Respiratory syncytial virus genotypes and disease severity among children in hospital
- aUniversity of Liverpool: Department of Medical Microbiology and Genito-Urinary Medicine, bDepartment of Child Health, cDepartment of Paediatrics, Southmead Hospital, Bristol
- Professor C A Hart, Department of Medical Microbiology and Genito-Urinary Medicine, University of Liverpool, Liverpool L69 3BX.
- Accepted 10 July 1997
OBJECTIVES To determine the spectrum of N and G genotypes of respiratory syncytial virus (RSV) causing respiratory tract infection and whether particular genotypes are associated with severity of infection.
PATIENTS AND METHODS Nasopharyngeal aspirates (NPAs) were obtained from 114 infants with acute respiratory tract infection due to RSV over two seasons. Viral mRNA was extracted from NPAs or cultured virus, reverse transcribed, and the cDNA amplified by the polymerase chain reaction using primers directed to parts of the N and G gene respectively. Amplicons were separately digested with four different restriction endonucleases for each gene. The fragments were separated by agarose gel, electrophoresis, and the electrophoretic patterns used to assign the various genotypes. Disease severity was assessed as very mild (upper respiratory tract signs only), mild (coryza and signs of lower respiratory tract infection), moderate (requiring nasogastric or intravenous fluids), and severe (requiring oxygen or ventilation).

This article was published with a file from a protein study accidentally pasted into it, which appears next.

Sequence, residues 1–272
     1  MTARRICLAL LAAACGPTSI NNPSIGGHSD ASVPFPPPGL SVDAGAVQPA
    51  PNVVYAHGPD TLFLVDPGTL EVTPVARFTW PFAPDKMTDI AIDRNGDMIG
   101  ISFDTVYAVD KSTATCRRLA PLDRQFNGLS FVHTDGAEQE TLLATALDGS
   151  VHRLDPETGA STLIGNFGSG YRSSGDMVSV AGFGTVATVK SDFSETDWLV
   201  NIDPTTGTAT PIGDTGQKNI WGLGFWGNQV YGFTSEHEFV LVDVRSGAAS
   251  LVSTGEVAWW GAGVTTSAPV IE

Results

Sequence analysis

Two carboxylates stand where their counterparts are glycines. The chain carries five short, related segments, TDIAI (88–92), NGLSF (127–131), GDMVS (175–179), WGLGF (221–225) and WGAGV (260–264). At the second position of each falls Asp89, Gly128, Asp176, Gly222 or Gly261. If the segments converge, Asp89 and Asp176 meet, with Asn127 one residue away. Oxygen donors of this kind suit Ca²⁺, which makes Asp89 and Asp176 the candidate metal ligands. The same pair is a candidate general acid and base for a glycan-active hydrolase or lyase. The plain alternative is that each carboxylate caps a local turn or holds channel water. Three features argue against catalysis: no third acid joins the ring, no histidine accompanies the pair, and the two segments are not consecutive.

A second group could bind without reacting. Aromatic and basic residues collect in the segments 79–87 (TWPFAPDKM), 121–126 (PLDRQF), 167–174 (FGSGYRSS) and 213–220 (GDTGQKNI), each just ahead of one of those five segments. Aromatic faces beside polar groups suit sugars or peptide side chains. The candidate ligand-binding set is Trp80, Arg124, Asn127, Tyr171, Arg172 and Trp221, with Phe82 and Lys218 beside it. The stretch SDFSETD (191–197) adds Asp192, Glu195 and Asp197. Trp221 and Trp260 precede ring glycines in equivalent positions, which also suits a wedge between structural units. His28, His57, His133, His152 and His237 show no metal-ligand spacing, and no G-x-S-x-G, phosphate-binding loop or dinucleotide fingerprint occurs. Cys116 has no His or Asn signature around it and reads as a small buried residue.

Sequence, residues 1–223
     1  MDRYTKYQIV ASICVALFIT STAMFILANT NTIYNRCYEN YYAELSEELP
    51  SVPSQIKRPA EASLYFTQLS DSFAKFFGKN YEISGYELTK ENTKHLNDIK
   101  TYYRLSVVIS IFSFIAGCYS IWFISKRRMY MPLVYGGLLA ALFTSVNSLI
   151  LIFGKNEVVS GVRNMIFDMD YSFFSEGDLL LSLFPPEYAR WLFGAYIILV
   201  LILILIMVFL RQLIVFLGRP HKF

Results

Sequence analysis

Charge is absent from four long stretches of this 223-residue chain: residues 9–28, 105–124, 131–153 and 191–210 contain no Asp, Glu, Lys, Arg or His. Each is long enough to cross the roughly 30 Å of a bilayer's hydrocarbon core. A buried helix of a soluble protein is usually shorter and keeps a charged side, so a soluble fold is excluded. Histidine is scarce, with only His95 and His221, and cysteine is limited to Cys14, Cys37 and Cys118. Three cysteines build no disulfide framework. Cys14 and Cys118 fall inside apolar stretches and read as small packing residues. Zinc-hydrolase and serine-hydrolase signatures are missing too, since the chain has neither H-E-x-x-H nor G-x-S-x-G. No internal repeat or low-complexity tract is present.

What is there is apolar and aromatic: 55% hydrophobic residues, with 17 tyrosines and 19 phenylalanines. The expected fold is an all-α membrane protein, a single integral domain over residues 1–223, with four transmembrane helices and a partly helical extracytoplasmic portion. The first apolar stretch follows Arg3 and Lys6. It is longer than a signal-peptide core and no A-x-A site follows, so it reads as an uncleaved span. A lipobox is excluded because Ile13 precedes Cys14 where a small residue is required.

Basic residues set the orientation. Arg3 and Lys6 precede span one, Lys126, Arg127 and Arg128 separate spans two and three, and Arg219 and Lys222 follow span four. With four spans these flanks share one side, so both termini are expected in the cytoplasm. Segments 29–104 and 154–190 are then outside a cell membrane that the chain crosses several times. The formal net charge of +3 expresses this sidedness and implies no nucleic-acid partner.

RESULTS Five of the six known N genotypes were detected, but NP4 and NP2 were found most frequently. There was no association between N genotype and disease severity. Six G (SHL) genotypes were detected. Significantly (p = 0.04) more of the infants infected with the SHL2 genotype had severe or moderate disease.
CONCLUSIONS During the seasonal peaks of RSV respiratory tract infection at least 10 different RSV genotypes cocirculated. While there is no association between N genotypes and disease severity, infection with the SHL2 G genotype appears to result in moderate to severe disease.